During Jesus’ trial, the high priest asked Him if he was the Christ, and upon hearing Jesus’ affirmative answer, which included quotations from the book of Daniel about the Son of Man sitting at the right hand of God, the high priest and those with him accused Him of blasphemy, which by their law was punishable by death. (See Matthew 26:63–66)
Pontius Pilate, the Roman prefect, condemned Jesus to death on the basis of His claim of being a king. It seems Pilate didn’t genuinely consider Jesus a threat, but due to the insistence of the crowd and the Jewish authorities, he chose to have Him crucified under Roman anti-sedition laws. (See John 19:12) The plaque that Pilate hung on the cross said, “This is Jesus, the King of the Jews.” (Matthew 27:37 ESV)
Jesus was executed because the Jewish leaders rejected Him as the Messiah, and because the Romans said no unauthorized king could live. Yet the extraordinary and unexpected event of His resurrection reversed the verdicts of both the Jewish and Roman courts.
Despite Rome’s law that would-be kings must die, and the Jewish leaders’ belief that Jesus was not the Messiah, God Himself overturned their judgments, validating Jesus as both King and Messiah by raising Him from the dead.
This, in turn, validated all that Jesus had taught about His Father, the kingdom of God, and salvation. The resurrection, which proved that Jesus was, in fact, the Messiah, coupled with the coming of the Holy Spirit, established a new understanding about God. The significance of the resurrection in Jesus’ day was that it validated that Jesus was who He said He was.
Before the resurrection, the disciples hadn’t fully understood the things Jesus had told them about His death and resurrection. However, after He rose, during the 40 days before He ascended into heaven, He explained the Scriptures to them and they then understood. (See Acts 1:3; Luke 24:27,32)
The realization that through Jesus’ incarnation, death, and resurrection, salvation was available to all was the reason the apostles preached about the resurrected Christ throughout the book of Acts. It’s why the New Testament writers stated that the resurrection proved Jesus was the Son of God.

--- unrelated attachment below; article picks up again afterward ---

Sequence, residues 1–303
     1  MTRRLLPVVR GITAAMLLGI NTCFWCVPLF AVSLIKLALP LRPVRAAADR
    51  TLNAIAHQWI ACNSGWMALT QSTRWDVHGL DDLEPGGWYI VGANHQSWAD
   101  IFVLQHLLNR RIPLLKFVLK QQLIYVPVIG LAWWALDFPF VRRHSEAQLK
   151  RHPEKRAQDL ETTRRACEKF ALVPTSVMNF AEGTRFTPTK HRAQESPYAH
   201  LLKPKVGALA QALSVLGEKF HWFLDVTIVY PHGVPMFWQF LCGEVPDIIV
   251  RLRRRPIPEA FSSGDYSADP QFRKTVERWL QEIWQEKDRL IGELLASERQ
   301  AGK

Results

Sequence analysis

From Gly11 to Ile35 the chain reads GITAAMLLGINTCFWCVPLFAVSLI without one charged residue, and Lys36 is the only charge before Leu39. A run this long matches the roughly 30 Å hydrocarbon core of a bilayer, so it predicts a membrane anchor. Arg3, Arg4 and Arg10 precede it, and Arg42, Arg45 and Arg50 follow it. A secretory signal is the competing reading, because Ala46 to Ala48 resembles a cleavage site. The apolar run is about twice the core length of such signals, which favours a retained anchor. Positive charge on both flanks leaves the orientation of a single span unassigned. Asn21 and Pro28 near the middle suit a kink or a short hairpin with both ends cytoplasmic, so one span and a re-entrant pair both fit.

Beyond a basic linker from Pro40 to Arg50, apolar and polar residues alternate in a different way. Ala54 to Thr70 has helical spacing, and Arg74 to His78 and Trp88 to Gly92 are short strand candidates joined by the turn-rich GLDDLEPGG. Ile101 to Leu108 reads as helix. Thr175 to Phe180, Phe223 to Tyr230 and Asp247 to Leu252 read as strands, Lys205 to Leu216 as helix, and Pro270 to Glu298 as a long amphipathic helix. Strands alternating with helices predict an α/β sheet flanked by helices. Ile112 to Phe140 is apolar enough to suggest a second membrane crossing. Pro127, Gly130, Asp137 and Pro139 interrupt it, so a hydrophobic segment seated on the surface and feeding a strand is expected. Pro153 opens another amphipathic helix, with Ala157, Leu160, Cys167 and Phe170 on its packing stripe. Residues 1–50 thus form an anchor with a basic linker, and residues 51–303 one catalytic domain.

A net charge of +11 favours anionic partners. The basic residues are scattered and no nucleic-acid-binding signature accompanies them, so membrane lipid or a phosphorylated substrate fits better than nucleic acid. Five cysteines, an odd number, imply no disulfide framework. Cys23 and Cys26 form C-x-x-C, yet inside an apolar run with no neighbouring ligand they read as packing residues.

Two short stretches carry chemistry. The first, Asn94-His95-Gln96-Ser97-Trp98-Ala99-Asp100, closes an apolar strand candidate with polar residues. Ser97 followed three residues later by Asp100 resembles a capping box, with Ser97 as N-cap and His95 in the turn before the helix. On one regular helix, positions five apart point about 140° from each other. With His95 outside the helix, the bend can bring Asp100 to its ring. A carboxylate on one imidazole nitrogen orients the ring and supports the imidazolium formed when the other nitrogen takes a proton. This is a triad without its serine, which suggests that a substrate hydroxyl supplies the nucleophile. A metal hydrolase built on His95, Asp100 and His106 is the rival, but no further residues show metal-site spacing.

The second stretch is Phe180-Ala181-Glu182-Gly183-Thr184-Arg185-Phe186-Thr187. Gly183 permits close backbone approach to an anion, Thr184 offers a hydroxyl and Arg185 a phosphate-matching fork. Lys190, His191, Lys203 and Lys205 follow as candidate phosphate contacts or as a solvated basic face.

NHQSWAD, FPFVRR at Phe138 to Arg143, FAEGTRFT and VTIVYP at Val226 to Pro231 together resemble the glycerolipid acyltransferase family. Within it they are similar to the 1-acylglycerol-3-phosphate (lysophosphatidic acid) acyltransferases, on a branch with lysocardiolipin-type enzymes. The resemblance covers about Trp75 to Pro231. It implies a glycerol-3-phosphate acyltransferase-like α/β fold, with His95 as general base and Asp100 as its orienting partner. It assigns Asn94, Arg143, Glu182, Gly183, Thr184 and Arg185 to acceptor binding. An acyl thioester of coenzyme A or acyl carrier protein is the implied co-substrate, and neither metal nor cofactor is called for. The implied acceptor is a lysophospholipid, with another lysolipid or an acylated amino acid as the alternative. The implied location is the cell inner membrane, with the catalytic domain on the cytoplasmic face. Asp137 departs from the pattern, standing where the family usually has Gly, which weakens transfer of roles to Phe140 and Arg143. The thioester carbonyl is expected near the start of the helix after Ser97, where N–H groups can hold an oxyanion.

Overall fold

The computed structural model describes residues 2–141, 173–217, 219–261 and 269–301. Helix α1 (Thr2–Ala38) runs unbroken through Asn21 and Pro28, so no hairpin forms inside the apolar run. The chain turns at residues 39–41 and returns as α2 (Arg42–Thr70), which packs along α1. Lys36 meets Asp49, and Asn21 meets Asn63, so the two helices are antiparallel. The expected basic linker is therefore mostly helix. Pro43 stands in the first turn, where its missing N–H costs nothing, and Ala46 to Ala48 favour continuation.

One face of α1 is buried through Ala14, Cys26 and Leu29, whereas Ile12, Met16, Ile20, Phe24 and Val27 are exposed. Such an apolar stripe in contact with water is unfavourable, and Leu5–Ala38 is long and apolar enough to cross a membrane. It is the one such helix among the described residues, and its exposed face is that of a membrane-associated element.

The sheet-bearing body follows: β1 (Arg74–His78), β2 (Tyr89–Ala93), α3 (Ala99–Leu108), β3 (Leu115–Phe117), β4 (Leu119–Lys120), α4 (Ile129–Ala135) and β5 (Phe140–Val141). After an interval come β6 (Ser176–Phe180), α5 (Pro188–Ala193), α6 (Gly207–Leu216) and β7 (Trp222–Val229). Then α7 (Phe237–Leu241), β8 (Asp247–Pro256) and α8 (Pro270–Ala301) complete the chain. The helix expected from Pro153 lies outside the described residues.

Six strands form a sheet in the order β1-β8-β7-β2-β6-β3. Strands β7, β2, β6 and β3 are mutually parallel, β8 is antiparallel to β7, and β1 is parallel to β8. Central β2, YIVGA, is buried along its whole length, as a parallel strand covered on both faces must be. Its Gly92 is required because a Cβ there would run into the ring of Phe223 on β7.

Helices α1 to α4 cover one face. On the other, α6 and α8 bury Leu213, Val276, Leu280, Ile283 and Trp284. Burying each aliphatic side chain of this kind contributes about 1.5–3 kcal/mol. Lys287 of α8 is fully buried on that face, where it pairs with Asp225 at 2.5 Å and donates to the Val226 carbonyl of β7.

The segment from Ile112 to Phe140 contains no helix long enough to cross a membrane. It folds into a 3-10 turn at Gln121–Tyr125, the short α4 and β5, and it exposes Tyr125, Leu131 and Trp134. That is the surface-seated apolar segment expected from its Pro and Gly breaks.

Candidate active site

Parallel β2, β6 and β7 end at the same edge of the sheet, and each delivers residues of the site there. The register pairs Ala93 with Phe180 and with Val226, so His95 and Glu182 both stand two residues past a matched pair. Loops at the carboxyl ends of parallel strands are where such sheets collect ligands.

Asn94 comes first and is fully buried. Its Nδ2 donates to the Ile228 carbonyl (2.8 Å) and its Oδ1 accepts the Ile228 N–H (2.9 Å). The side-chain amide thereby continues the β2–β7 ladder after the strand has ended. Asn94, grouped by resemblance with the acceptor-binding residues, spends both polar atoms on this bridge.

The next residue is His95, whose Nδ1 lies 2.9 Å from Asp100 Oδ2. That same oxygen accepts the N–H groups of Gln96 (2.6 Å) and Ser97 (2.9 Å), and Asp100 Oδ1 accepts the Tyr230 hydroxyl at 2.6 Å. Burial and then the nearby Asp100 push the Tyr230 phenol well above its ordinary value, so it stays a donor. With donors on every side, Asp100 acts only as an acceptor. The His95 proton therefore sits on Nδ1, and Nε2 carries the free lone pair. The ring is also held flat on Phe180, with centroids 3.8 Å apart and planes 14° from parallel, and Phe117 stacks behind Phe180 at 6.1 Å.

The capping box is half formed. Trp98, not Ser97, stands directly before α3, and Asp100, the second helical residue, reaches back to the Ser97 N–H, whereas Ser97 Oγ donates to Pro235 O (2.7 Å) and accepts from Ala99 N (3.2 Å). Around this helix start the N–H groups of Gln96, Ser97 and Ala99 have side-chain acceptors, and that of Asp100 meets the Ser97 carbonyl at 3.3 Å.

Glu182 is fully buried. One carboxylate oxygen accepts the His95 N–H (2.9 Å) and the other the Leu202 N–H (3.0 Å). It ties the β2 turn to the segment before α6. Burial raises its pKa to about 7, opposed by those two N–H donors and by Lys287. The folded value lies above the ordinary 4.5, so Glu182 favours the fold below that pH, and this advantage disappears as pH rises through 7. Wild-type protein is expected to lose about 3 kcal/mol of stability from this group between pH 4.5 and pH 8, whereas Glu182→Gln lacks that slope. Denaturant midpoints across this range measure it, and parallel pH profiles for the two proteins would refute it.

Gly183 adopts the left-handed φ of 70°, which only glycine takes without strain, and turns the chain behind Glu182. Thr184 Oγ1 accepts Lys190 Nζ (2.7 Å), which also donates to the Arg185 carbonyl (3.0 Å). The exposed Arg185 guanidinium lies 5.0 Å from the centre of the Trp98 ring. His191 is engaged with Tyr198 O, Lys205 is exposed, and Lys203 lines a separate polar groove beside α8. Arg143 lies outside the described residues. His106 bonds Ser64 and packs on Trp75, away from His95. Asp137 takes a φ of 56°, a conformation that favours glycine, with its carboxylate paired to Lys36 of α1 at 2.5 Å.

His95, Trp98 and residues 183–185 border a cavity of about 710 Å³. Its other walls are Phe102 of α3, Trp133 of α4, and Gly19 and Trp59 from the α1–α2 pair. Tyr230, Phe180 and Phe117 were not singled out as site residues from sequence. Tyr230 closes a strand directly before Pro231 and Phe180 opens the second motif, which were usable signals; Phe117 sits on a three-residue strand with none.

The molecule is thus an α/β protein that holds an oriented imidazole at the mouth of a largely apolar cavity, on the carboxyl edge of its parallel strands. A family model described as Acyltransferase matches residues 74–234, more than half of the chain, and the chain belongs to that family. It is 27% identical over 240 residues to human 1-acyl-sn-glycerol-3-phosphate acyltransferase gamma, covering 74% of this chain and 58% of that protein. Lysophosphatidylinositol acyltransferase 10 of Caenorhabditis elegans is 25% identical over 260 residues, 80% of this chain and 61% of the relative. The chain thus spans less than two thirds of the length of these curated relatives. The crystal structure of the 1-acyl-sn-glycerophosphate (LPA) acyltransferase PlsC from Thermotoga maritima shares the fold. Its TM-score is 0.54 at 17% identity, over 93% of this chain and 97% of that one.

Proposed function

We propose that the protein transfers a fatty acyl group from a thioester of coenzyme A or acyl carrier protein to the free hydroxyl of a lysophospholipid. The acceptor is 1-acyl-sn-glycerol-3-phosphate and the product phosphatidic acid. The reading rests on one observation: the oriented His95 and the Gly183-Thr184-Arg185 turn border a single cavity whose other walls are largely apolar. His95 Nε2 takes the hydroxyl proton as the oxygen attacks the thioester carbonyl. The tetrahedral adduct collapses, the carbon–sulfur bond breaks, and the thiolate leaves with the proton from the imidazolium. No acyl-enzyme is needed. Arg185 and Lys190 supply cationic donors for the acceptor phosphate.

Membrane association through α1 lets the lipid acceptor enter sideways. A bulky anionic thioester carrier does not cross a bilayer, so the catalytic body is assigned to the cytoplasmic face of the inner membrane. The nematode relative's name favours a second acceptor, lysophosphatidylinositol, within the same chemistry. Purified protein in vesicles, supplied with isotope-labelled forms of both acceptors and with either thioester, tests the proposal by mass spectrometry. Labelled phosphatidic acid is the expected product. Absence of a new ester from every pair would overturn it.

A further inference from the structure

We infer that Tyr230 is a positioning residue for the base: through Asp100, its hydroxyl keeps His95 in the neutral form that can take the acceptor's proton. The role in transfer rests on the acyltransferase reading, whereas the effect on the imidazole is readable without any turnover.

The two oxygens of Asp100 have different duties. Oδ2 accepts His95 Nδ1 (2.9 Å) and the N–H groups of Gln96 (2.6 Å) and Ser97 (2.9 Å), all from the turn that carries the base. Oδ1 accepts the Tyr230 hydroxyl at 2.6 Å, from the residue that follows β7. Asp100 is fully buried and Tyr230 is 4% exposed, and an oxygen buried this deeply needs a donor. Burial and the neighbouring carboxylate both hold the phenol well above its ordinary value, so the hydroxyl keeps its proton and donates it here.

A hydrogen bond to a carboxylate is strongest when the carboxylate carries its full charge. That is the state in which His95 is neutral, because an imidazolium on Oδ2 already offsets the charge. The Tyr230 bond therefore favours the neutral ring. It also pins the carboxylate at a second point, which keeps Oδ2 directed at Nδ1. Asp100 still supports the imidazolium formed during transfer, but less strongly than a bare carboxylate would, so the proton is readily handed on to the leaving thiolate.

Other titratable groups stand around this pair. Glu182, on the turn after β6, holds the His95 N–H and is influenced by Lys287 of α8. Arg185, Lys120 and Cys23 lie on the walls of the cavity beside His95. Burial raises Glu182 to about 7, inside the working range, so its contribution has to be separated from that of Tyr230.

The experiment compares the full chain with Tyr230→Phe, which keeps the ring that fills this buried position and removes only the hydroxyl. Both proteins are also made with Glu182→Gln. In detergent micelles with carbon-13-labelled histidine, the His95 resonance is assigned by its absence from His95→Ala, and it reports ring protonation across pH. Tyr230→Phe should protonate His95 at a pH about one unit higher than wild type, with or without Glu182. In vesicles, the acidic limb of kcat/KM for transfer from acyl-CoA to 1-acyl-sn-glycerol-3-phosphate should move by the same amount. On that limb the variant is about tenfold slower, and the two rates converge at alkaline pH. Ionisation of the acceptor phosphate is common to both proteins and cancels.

Fifty days after the resurrection, after Jesus had ascended, the Holy Spirit also entered the world in a new way by dwelling within believers. These events motivated the disciples and the early church to spread the news throughout the world of their day that through Jesus and His sacrifice on the cross, humanity could become reconciled with God.
For the disciples then, and for us now, Easter is the bedrock of Christian faith and hope. The early disciples, while initially faced with crushed hopes due to their expectations, soon came to see that because Jesus arose, what He had done, said, and promised was true. That carries down through history to us today. The risen Christ gave proof of His divinity and trustworthiness by dying for our sins and then rising from the dead.
Because of what He did, we know that all He said is true: that we have salvation and eternal life, that the Holy Spirit dwells within us, that we have the promise of answered prayer, that He will guide us when we ask Him to. The separation between us and God has been bridged. We are His children, who will live with Him forever.
Because of the resurrection, we have the assurance of salvation, the ability to lead a Christ-infused life today, and the honor to live with God forever.
Let’s rejoice in the significance of Easter—yesterday, today, and forever. Happy Easter!